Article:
I know it’s been quiet around here lately, but that’s because I’ve been a busy beaver. I have just released my newest pattern, the James Cowl.
The James Cowl is a cozy neck warmer featuring stranded colourwork, knit in the round. It is suitable for boys and girls, men or women, young or old. While this is a great project for first time steekers, instructions are also given for an unsteeked version that is simply knit in the round.
This cowl was originally designed to keep small kids’ necks warm while avoiding the risk of them being strangled accidentally. The magnetic closures are strong enough to keep the cowl closed for normal use, but will open if for some reason it gets caught on something. The construction of the button band ensures that the magnetic snaps are safe and secure while also concealing their backings.
Thanks yet again to Ryan Barr for the photography. Every time we do these photo shoots I get great pictures and a chance to hang out with an old friend!
I also couldn’t do this without the great tech editing from Eleanor Dixon.
Okay, this happened a few weeks ago but I’ve been unable to talk about it until now. The sweater in question has been sitting in a basket in a corner since I threw it there and stormed off. I think I have cooled down enough and my head is fully level again so it is time to revisit the disaster that was my first foray into steeking.
Steeking is a technique used when knitting stranded colour-work in the round. Since it can be difficult to purl while knitting with two colours, many knitters prefer to work in the round when doing stranded colour work. But, working in the round means you are making a tube when sometimes you’d rather have a flat piece. In the case of my sweater, I wanted to make a cardigan so I needed it to be flat. In order to turn this tube into a flat piece you do something very scary… you cut your knitting right down the middle! Oh the horrors!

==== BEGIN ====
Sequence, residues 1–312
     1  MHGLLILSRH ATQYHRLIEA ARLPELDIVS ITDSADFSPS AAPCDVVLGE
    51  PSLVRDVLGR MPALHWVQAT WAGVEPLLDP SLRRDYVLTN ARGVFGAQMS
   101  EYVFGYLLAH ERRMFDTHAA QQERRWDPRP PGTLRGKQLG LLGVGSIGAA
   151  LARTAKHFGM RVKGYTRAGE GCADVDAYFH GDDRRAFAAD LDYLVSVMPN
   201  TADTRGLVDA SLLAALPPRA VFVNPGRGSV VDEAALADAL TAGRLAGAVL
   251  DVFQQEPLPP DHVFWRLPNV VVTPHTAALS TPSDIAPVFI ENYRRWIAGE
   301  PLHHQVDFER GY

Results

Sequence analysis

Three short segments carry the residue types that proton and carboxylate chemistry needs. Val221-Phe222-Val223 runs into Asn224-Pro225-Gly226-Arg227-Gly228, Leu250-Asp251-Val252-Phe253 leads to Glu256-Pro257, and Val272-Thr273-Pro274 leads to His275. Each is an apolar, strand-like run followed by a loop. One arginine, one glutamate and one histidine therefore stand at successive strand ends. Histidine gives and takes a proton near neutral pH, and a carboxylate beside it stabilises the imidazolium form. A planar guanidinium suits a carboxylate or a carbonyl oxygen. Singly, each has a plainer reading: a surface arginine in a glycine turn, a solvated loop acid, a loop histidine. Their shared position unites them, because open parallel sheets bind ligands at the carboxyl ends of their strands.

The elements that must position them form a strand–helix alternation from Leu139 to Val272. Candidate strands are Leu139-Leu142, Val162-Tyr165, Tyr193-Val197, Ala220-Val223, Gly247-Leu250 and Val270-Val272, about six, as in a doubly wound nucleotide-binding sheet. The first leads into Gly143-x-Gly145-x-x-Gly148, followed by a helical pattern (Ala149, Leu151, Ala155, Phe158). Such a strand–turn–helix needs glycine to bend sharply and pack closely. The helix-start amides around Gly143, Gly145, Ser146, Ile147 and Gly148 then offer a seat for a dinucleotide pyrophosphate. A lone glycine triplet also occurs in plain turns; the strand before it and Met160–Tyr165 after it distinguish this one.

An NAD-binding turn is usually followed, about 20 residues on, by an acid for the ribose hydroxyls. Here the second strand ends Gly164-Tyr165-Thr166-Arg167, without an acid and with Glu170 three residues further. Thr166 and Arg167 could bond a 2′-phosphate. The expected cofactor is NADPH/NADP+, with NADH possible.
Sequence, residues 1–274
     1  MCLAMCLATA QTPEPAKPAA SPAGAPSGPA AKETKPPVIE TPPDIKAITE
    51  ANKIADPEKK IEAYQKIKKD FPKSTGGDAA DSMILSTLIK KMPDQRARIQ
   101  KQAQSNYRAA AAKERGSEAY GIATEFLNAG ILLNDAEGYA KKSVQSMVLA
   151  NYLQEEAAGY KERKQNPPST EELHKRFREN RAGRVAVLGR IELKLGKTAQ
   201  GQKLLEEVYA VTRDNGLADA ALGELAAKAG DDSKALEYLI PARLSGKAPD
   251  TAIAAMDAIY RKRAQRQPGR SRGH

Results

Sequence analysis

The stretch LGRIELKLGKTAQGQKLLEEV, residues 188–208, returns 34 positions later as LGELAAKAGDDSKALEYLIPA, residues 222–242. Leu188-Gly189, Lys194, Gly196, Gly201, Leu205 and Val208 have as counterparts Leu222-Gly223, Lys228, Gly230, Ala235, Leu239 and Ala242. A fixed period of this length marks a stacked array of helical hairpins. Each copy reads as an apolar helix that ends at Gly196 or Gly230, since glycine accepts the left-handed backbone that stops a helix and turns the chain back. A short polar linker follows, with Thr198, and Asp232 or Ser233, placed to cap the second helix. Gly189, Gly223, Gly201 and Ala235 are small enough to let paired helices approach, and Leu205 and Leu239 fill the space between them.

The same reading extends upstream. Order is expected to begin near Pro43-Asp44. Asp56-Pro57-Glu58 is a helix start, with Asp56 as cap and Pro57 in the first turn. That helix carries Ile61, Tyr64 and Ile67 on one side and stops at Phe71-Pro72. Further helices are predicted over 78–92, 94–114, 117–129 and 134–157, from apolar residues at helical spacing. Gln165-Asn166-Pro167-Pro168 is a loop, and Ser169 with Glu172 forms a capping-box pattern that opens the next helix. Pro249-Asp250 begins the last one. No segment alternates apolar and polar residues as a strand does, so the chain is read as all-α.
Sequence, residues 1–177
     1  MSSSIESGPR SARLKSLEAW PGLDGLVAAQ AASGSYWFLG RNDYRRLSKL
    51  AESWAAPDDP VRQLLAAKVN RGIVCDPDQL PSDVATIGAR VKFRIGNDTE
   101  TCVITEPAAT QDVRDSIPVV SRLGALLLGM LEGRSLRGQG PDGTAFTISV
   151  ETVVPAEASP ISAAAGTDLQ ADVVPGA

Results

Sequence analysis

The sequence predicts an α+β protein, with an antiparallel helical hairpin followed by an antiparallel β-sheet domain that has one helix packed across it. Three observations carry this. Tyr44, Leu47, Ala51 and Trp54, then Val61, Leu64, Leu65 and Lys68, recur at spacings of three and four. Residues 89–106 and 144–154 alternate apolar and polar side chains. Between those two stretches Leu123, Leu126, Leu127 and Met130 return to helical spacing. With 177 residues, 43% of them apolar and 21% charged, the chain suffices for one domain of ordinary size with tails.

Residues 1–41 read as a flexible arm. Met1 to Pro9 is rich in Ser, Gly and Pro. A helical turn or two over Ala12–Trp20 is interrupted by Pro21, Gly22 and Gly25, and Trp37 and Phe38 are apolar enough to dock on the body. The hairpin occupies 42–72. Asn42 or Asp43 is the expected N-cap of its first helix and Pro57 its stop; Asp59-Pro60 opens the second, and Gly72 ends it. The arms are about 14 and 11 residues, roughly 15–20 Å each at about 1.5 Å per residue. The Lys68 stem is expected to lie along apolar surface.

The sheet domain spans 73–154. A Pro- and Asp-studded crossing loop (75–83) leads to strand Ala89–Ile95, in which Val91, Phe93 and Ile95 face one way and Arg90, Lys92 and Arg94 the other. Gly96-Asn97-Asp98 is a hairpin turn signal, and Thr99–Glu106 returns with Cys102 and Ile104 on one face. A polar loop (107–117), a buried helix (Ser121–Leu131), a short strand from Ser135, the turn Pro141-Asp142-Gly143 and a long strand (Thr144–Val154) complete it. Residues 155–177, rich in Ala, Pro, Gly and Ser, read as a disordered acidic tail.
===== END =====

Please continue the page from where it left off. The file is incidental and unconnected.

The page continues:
Before you cut your work you reinforce the column of stitches on either side of where you are about to cut. This is where the people are a little divided, and where I guess I didn’t do enough research. In theory, if you use a true Shetland wool (which is traditional for this style of knitting) then the catchy wool can grab onto itself and not unravel when cut, even if you don’t reinforce it. Other kinds of grabby wool will be fine with a crocheted reinforcement, the crochet chain running down either side of the steek “hugs” the yarn and holds everything in place after it is cut. Other wools that are more slippery, like merinos and superwash, really need to be reinforced by a couple of lines of sewing machine stitching running down either side of the steek.
I went wrong was in thinking that my project would be okay with a crochet reinforcement. It was not okay. I also should have taken the time to test it out on my swatch before taking the scissors to my sweater, but I did not. This disaster was avoidable, which makes it all that much more horrific. I’m going to chalk these mistakes up to lessons learned and move on.
Since this was for a pattern I was designing, and I had planned on adding a little picture tutorial on steeking (yes, I appreciate the ridiculousness of that), I have thorough photo documentation of the disaster as it unfolded. Warning: the following pictures portray unwanted unraveling, viewer discretion is advised.
So the moral of the story is, always machine reinforce your steeks or you could end up with unwanted unraveling. I think I have a solution to the problem so stay tuned for updates on the steeking saga.